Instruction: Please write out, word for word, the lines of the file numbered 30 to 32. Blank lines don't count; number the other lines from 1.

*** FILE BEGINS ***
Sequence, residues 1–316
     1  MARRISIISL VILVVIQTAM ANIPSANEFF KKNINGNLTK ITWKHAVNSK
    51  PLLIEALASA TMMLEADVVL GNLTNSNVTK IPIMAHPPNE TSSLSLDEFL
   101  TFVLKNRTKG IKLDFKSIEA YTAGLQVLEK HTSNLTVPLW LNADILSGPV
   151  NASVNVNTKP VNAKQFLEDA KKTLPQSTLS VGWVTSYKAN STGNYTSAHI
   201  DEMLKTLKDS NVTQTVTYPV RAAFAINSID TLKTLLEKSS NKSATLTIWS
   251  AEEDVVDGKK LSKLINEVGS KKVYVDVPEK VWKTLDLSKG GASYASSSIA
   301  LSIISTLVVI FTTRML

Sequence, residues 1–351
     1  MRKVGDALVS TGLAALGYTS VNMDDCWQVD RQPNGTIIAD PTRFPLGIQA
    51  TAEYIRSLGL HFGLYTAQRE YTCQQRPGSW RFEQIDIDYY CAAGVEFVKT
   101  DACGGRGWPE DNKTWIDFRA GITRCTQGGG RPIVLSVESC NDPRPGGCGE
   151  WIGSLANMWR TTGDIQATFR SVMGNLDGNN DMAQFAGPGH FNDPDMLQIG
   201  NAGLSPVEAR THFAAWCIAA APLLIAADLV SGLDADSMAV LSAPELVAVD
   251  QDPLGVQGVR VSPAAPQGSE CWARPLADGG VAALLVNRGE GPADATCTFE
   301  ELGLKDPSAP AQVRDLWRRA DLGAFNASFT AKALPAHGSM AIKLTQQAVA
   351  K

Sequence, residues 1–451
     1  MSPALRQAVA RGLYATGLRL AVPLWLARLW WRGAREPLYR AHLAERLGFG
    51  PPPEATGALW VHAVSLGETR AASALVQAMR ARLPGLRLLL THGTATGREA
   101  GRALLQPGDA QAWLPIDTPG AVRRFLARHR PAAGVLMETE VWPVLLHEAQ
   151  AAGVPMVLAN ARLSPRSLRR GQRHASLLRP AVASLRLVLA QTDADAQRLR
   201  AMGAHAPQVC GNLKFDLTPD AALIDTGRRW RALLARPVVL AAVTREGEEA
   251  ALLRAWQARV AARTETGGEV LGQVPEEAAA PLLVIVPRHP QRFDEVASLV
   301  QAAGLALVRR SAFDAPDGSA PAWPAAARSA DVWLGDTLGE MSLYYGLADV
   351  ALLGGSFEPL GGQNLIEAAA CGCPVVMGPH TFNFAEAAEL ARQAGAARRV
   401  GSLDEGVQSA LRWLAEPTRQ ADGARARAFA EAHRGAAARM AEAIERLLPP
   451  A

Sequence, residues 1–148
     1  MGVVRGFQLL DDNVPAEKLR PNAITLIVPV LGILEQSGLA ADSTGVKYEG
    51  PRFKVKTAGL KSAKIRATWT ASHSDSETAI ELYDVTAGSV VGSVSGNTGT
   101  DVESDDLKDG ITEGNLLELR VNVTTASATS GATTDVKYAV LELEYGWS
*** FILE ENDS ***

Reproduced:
     1  MGVVRGFQLL DDNVPAEKLR PNAITLIVPV LGILEQSGLA ADSTGVKYEG
    51  PRFKVKTAGL KSAKIRATWT ASHSDSETAI ELYDVTAGSV VGSVSGNTGT
   101  DVESDDLKDG ITEGNLLELR VNVTTASATS GATTDVKYAV LELEYGWS